What’s in a Dream?
Thoughts surrounding current events from Duke Windsor:
Dr. King had a dream. This is a year to be remembered as a nightmare. We were still struggling with a horrible pandemic, and a financial and social crisis when a tragic event caused a “tipping point” in our country. It has now spread around the world. The name “George Floyd” can be heard shouted from the mountain top.
As the topic about police brutality and the killing of black people in America is in the national discussion, I will focus my writing on my own experiences and observations within the art world and the need for wider acceptance of artists of color in the mainstream. Although there are a handful of talented nationally known artists of color, there is still a large gap not being represented. Henry Osawa Tanner (1886), William Henry Johnson (1920), Jack Whitten, Jean-Michel Basquiat, Kara Walker, James Kerry Marshall, Kehinde Wiley are a few black artists who have received recognition.
A recent study found that 85.4% of the works in the collections of all major U.S. museums belong to white artists, and 87.4% are by men, Asian artists total at 9%; and Hispanic and Latino artists constitute only 2.8% of the artists. African American artists have the lowest share with just 1.2% of the works. For example, researchers found the institutions among this grouping with the highest percentage of white artists are the National Gallery of Art in Washington, DC (97.4%) and the Detroit Institute of Arts (94.7%).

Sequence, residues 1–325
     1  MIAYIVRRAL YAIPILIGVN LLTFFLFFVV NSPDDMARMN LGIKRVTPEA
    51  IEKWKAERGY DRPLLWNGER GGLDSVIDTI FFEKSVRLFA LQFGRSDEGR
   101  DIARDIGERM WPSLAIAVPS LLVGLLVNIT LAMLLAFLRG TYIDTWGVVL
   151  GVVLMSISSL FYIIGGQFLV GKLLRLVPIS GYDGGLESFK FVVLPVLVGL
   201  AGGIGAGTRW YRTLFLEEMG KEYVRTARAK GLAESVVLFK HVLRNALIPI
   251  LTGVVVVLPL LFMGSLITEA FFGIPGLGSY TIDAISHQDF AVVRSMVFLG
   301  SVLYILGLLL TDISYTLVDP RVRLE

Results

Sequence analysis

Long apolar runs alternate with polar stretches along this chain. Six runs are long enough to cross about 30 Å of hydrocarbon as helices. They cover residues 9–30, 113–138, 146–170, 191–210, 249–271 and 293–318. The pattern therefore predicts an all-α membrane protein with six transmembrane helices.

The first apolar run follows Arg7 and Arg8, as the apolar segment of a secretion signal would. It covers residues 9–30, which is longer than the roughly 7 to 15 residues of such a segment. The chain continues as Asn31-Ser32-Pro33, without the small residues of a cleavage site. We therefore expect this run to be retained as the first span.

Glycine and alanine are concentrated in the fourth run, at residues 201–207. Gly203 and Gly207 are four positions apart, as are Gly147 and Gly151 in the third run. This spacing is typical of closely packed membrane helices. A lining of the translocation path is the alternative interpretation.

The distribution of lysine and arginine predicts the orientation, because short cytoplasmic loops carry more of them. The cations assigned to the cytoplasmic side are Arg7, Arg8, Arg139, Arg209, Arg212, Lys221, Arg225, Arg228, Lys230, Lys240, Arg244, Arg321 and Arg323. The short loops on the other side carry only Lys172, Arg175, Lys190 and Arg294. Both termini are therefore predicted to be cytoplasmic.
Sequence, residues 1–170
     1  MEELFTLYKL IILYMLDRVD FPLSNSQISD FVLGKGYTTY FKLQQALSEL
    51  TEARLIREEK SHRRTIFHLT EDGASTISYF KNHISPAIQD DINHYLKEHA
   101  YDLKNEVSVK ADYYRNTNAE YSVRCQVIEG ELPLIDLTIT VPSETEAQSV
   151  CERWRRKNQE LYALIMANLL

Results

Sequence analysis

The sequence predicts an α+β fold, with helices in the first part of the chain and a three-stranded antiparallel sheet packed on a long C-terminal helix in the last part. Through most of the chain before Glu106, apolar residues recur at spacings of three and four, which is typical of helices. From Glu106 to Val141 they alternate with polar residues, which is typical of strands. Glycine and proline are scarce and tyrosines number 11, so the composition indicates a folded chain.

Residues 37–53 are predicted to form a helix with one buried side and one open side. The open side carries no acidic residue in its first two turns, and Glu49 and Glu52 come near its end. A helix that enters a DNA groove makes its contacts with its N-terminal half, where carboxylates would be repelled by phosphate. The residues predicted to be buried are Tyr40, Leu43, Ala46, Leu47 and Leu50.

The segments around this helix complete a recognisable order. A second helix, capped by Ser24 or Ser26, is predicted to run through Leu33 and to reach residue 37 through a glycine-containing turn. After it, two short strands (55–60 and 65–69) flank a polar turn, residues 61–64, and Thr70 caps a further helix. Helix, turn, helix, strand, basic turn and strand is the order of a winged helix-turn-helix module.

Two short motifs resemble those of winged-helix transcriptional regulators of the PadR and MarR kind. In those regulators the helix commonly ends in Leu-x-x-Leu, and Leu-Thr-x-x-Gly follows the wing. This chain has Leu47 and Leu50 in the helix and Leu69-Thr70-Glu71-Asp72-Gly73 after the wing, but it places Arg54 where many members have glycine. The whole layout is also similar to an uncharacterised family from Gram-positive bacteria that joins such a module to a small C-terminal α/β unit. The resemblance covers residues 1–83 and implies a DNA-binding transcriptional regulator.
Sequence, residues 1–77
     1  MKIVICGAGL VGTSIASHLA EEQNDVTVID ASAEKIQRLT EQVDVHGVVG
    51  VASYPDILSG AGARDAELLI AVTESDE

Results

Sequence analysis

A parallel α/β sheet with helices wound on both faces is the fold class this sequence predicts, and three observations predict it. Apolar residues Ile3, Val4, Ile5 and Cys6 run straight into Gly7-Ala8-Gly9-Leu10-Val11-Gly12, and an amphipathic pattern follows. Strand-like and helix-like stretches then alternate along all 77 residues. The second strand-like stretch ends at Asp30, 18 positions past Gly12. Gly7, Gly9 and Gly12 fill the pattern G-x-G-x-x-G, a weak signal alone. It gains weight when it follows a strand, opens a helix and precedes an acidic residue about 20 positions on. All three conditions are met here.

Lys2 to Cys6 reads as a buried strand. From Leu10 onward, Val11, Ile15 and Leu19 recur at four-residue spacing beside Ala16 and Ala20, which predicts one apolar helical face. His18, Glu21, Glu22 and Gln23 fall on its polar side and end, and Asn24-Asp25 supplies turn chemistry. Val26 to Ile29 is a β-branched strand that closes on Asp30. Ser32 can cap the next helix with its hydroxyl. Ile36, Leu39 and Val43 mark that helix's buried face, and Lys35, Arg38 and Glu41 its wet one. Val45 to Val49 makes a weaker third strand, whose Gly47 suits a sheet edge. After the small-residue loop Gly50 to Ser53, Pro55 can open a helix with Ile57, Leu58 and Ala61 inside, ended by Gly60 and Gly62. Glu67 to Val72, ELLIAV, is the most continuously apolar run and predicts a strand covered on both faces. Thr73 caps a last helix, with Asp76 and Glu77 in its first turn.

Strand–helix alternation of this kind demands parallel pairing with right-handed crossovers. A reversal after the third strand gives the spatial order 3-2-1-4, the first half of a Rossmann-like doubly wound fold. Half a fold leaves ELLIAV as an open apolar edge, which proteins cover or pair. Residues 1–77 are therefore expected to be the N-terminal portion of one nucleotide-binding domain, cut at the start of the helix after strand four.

“If you try to suppress the arts,
then you’re suppressing the deepest dreams
and aspirations of a people.”
I remember my first exposure to the world of art through my mother’s Holy Bible (The King James Version) and wondered at the beautiful, colorful images of religious works by the great masters of the Renaissance. As a child, I knew I wanted to be able to do that. My first art lecture was in the 3rd grade when we saw slides and learned the history of Rembrandt, N.C. Wyeth, Andrew Wyeth, Norman Rockwell, Winslow Homer, and even Diego Rivera and Frida Kahlo. Yet no artwork by (known) black artists ever came up. This was because the curriculum in school at that time did not allow black art to be included. I didn’t learn about black artists until I was in college, years later. Bias had begun early on in my art studies.
Another issue is that many artists I know feel that it is time for art critics and the media in general to drop descriptions based on gender, race and age when describing an artist unless that information is vital to the artist’s work.
“I am not a black artist, I am an artist.”
Discrimination happens when just visiting a gallery. I have been completely ignored by some gallerists when I’ve walked into a gallery to view the work. In one instance, the gallerist ignored me. A few minutes later a couple entered the gallery and the gallerist immediately got up and greeted them warmly and began a conversation. Should I have said something? Was I reading too much into this? Could they have been a returning client who gets “star treatment” for a pending sale? Possibly. But it was very disappointing, nonetheless. This has happened more times than I care to mention.
People in the position to bring about change can – such as corporate and private collectors, museum curators and gallery owners. They need to be more inclusive. Will this Black Lives Matter movement continue the momentum? Time will tell. I hope that it spurs a change within the art establishment. Dr King had a dream. So do we all, but we’ve still yet to wake up.
Duke Windsor’s work can be viewed here.